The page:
Over the Christmas holidays, I found my ticket to Cool Town and frankly, to Guyville. I had discovered my Dad’s copy of the recent rerelease of R.E.M.’s debut album, Murmur. Dad had been listening casually to the album as you would do to the pile of media you received for Christmas. To his confusion (and delight, no matter what he may tell you), I responded to the album fanatically. To this day, I don’t have a concrete reason why; I just heard Michael Stipe’s mumbled vocals and Peter Buck’s jangling guitars, and I was absolutely done for.
Dad drove me to school every day for four years, and our morning commute was where I heard so much of the music which would become part of my life’s fabric. For six weeks in early 2009, I forced him to keep Murmur in the stereo. For Dad, hearing this record over and over was probably a mild form of nostalgic hell; he had been a fan of the band since the record was originally released in 1983, and had seen them live a year earlier before they were signed to a record deal.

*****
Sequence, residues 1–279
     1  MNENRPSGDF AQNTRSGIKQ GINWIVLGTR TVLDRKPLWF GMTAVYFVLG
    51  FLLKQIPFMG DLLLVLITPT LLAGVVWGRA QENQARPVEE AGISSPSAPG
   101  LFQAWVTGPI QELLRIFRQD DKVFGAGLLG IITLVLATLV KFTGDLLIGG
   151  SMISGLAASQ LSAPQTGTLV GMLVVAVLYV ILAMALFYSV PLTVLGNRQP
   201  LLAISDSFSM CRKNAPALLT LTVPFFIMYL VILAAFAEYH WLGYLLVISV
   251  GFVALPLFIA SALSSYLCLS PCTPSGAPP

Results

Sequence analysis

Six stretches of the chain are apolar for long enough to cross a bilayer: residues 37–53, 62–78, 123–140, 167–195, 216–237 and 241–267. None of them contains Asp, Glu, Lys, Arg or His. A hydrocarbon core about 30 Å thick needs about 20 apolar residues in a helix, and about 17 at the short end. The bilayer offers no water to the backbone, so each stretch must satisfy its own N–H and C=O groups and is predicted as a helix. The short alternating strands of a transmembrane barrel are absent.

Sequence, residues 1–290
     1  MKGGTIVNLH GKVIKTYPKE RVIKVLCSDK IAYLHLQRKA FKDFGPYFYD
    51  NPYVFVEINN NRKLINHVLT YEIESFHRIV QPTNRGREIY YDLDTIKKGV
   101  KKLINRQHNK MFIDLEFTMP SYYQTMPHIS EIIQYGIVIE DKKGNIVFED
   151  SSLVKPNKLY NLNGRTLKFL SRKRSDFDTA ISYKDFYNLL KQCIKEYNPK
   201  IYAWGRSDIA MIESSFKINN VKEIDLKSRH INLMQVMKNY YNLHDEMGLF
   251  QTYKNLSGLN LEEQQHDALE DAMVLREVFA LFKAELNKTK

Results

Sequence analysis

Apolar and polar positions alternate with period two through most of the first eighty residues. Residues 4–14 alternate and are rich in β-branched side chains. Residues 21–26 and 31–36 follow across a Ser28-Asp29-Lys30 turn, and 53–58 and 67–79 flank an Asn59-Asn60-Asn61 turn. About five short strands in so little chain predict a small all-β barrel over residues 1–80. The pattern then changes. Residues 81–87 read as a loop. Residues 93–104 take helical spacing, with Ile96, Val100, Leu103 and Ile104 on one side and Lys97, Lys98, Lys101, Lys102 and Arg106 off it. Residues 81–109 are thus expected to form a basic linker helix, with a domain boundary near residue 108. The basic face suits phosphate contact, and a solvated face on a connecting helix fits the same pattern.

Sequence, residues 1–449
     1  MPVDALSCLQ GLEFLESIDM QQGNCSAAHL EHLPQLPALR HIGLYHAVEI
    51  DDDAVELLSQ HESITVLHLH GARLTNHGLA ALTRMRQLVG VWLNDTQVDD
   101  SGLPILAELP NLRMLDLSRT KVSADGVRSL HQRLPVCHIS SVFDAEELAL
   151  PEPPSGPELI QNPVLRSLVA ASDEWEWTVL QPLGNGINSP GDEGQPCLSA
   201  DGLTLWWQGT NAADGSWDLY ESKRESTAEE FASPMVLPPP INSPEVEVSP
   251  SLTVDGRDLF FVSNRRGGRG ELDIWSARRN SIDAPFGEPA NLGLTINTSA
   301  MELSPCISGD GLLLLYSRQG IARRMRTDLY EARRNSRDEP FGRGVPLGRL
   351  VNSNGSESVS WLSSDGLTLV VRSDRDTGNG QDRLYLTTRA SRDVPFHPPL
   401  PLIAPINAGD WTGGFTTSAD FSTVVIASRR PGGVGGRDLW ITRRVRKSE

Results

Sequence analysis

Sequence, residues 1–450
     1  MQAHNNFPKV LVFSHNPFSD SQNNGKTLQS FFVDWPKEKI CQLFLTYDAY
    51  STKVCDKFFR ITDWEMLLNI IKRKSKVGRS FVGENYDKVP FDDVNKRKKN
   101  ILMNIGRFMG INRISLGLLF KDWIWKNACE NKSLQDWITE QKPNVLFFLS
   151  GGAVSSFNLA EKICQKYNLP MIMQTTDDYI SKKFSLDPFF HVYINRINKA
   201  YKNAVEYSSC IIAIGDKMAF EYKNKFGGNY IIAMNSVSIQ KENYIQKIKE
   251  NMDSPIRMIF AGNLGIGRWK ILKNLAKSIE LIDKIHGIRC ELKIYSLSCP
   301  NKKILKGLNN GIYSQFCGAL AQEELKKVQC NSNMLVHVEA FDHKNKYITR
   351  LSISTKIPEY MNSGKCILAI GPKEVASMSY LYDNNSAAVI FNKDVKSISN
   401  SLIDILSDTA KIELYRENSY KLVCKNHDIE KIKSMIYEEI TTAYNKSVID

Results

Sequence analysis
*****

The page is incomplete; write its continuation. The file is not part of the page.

Reading Love Is A Mix Tape coincided with Dad demanding we listen to SOMETHING, ANYTHING ELSE in the stereo. I had finally put the album on my I-Tunes and spent every free moment I had listening to Murmur. I spent class changes walking silently through the hallway, deeply focused on what “up to par and Katie bars the kitchen signs, but not me in” meant. The cogs of my mind were spinning wildly; my deep relationship with music and words was being cemented, and I was falling in love for the first time.